Bank of America will drop the Merrill Lynch name from its trading and investment banking outfits, according to reports.
The banking giant, which bought the longstanding Wall Street firm during the financial crisis in 2008, now plans to rebrand most of its wealth-management business as just Merrill.
The change will effectively end the Merrill Lynch name’s long history on Wall Street, as it was one of the few to survive the financial crisis and continue on.
The move shows that Bank of America is finally moving past the crisis and the problems it wrought, and focusing on renaming some of its acquired business, including the U.S. Trust brand, which will become the Bank of America Private Bank.
“We are continuing to unify the company, continuing down the road we started on a decade ago,” CEO Brian Moynihan said.
Merrill Lynch was founded in 1914 by Charles Merrill, who was joined by Edmund Lynch. The firm grew in size and reputation, but in the 2000s became mired in the subprime mortgage crisis and was sold in a fire sale.
When Bank of America bought the ailing firm, it helped the bank become a large player in the investment banking and wealth management fields. The discussion to lose the name has been circulating since the start of the merger.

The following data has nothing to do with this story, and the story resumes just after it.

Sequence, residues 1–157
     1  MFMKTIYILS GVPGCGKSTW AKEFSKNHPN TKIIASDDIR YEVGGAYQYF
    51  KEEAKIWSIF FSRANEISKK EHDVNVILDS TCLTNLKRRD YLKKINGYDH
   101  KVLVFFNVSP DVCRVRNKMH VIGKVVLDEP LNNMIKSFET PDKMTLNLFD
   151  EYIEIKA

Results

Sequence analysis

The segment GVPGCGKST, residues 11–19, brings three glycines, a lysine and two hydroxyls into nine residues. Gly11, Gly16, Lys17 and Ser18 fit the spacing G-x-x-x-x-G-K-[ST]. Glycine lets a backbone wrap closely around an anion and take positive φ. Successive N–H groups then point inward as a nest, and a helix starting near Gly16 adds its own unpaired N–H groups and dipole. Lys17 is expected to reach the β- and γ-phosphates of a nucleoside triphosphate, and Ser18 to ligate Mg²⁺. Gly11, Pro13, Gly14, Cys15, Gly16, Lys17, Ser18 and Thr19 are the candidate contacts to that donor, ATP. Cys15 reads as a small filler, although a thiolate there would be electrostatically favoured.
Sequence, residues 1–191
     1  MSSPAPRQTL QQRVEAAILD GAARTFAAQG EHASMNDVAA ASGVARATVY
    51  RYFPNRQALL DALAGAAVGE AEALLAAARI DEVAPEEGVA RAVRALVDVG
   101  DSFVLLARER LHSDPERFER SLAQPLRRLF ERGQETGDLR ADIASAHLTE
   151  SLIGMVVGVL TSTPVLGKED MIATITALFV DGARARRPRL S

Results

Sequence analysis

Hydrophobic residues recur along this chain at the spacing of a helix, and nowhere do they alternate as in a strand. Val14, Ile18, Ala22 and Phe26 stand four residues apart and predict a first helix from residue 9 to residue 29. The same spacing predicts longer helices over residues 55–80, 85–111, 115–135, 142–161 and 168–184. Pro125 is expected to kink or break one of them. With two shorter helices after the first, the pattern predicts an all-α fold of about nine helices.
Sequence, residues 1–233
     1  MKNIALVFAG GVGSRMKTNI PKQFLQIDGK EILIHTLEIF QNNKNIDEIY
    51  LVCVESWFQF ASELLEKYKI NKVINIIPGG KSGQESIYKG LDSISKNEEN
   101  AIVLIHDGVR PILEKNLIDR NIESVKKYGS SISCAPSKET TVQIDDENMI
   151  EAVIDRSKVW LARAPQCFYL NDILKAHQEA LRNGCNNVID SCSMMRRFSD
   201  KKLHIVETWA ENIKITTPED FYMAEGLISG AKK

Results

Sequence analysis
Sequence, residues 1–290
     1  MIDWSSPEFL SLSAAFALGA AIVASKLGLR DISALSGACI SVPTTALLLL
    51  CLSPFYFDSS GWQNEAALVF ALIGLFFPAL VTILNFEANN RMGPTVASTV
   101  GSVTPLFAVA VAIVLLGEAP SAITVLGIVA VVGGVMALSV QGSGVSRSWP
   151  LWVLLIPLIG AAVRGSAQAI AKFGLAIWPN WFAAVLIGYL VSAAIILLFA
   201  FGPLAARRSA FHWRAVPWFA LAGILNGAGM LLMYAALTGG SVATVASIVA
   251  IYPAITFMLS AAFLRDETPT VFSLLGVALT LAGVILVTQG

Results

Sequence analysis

The investment bank, the trading arm and the corporate client facing unit have been going by the name Bank of America Merrill Lynch. With the rebranding, the corporate client unit will be called Bank of America and the investment and trading arms will now go by BofA Securities.
Merrill Lynch Wealth Management, which is the biggest sector of the bank’s wealth business, is going to be known as simply Merrill, and the firm’s iconic bull logo will remain.
Moynihan said the decision to keep part of the Merrill name was “obvious,” because “in the wealth-management business, it’s the No. 1 brand there is.”